When, at 33, Jean Sibelius finally composed his Symphony No.1, he already had a portfolio of orchestral music. His harmonic vocabulary, technical apparatus, orchestral style, and thematic character (rooted in the Finnish language) were firmly in place and organized. If, as Beckmessers have carped from the beginning, the first symphony here and there echoes Tchaikovsky, so do contemporaneous works by Glazunov and Rachmaninov; Pyotr Ilyich's Pathétique Symphony was not yet six years old when Sibelius introduced his new First with the Helsinki Philharmonic on April 27, 1899.

Melodic substance and sonorities are voluptuous in the First without bursting the corset-stays of decorum or modesty. As Finnish patriotism hardened into resistance, Sibelius became emblematic both at home and abroad. His music attracted an ever-growing and appreciative following in Great Britain and the United States (but none at all in France, Italy, or Vienna). Politics aside, Russian conductors and concertgoers liked it nearly as much  especially the First and Second symphonies. While No.2 is technically surer and structurally tighter, No.1 is the more memorable melodically, and the more volatile emotionally.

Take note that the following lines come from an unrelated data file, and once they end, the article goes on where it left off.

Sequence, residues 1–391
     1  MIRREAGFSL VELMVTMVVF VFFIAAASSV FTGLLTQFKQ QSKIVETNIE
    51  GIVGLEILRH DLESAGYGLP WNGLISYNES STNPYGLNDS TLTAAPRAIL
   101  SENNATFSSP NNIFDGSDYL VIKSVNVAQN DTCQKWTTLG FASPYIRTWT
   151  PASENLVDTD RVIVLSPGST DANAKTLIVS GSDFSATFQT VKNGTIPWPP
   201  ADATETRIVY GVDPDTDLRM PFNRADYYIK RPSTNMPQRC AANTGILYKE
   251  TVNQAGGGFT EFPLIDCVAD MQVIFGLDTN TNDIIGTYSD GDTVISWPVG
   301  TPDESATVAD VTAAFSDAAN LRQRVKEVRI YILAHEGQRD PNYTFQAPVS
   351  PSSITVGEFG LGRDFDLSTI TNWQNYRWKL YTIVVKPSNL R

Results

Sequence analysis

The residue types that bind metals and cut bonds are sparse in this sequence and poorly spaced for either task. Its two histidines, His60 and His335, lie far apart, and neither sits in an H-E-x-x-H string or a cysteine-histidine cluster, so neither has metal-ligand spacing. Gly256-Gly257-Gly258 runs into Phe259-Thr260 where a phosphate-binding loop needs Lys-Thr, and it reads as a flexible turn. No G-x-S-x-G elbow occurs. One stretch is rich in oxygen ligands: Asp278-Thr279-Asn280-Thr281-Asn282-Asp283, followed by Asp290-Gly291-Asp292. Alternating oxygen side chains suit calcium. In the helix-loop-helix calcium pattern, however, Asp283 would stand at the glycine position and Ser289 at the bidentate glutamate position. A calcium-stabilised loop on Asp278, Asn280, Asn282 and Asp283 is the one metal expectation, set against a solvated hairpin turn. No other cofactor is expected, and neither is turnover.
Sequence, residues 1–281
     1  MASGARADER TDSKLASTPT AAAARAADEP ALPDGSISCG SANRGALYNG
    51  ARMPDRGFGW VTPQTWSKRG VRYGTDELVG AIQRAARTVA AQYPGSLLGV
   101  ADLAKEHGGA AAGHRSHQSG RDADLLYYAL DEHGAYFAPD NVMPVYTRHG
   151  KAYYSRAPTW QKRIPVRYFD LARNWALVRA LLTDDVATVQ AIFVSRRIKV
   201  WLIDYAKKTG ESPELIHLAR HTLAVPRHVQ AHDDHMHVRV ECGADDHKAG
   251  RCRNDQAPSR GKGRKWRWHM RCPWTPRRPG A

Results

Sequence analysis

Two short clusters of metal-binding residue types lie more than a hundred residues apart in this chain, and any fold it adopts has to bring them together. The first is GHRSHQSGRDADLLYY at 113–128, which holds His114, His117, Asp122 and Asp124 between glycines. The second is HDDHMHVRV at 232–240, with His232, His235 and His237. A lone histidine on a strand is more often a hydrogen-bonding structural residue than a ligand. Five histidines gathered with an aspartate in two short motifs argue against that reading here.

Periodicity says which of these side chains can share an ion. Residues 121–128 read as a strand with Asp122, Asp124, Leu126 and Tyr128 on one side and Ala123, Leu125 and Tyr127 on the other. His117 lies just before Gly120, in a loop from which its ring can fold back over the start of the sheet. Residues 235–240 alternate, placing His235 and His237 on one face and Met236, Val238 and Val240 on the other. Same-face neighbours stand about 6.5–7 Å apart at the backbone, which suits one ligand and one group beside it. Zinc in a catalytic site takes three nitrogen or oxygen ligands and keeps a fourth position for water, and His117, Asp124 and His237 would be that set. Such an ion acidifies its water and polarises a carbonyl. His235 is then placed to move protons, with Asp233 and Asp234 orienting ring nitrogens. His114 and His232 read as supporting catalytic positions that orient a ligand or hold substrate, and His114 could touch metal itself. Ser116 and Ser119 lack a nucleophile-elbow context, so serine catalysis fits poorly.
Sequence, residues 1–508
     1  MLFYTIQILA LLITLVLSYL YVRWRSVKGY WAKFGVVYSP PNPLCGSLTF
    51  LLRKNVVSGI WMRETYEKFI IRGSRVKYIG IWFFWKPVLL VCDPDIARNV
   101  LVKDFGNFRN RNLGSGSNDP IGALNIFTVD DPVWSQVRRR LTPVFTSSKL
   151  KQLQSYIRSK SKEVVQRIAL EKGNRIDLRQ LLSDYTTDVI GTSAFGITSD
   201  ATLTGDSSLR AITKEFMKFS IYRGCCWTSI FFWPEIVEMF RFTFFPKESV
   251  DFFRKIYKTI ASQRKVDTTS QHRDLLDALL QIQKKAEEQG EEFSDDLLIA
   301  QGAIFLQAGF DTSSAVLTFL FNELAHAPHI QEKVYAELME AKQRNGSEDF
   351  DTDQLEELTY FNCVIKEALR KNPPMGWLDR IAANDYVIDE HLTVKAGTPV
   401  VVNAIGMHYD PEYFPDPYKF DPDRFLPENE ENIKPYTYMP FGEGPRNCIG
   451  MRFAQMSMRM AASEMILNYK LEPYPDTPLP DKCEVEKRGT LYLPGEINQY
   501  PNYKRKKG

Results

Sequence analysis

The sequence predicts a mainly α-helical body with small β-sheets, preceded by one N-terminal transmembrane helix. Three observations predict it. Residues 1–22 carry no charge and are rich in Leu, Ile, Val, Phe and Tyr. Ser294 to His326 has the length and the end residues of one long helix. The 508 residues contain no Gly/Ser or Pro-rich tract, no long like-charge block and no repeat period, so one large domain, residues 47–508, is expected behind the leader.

The whole first movement is unified by a theme heard at the outset, played by a single clarinet over a soft timpani roll, then without accompaniment. In one way or another, the abundance of themes in a tightly argued movement derives from this opening, most ingeniously so in an episode for staccato flutes playing in thirds over strings and harp, extensively developed later on but not reprised before two E minor chords at the end.